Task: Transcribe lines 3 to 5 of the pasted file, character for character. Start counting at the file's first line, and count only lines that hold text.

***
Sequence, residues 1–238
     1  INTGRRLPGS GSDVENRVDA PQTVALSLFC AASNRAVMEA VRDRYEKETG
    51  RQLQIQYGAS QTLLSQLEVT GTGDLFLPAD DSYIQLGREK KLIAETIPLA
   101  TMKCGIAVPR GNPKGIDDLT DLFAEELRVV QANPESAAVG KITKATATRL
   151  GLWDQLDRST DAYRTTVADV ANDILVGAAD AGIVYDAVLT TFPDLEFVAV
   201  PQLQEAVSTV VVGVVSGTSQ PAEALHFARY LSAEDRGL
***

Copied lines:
    51  RQLQIQYGAS QTLLSQLEVT GTGDLFLPAD DSYIQLGREK KLIAETIPLA
   101  TMKCGIAVPR GNPKGIDDLT DLFAEELRVV QANPESAAVG KITKATATRL
   151  GLWDQLDRST DAYRTTVADV ANDILVGAAD AGIVYDAVLT TFPDLEFVAV